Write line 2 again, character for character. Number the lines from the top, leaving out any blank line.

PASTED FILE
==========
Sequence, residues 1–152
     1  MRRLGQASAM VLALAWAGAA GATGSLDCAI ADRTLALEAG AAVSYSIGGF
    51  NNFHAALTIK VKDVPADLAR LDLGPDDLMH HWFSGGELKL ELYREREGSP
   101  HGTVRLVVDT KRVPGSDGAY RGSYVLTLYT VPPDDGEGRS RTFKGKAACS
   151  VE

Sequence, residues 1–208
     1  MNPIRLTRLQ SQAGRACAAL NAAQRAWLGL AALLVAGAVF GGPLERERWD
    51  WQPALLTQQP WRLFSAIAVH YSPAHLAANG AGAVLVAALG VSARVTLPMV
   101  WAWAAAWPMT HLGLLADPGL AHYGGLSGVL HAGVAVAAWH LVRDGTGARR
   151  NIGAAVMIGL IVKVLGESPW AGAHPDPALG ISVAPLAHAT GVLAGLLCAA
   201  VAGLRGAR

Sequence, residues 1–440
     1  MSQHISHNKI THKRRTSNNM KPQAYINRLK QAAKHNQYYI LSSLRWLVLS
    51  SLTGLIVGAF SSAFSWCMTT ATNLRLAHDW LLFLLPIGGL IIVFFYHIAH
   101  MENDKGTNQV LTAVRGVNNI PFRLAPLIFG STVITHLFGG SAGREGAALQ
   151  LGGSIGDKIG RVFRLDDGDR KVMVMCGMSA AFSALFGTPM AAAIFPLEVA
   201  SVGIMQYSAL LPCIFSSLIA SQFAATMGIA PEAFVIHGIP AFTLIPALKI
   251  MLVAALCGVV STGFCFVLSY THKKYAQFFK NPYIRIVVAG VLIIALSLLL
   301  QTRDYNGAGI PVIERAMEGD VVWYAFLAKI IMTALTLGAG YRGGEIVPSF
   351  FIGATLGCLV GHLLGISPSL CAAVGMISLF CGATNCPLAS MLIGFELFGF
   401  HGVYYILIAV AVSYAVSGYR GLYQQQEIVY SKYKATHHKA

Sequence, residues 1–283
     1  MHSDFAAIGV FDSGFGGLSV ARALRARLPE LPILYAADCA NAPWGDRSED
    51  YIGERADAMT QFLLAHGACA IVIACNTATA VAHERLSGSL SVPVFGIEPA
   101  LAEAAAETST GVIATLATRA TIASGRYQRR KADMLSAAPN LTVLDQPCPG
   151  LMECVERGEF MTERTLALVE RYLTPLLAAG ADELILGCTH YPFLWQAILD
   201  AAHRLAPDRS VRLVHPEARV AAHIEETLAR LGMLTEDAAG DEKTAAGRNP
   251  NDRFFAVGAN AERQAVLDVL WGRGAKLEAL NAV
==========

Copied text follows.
     1  MRRLGQASAM VLALAWAGAA GATGSLDCAI ADRTLALEAG AAVSYSIGGF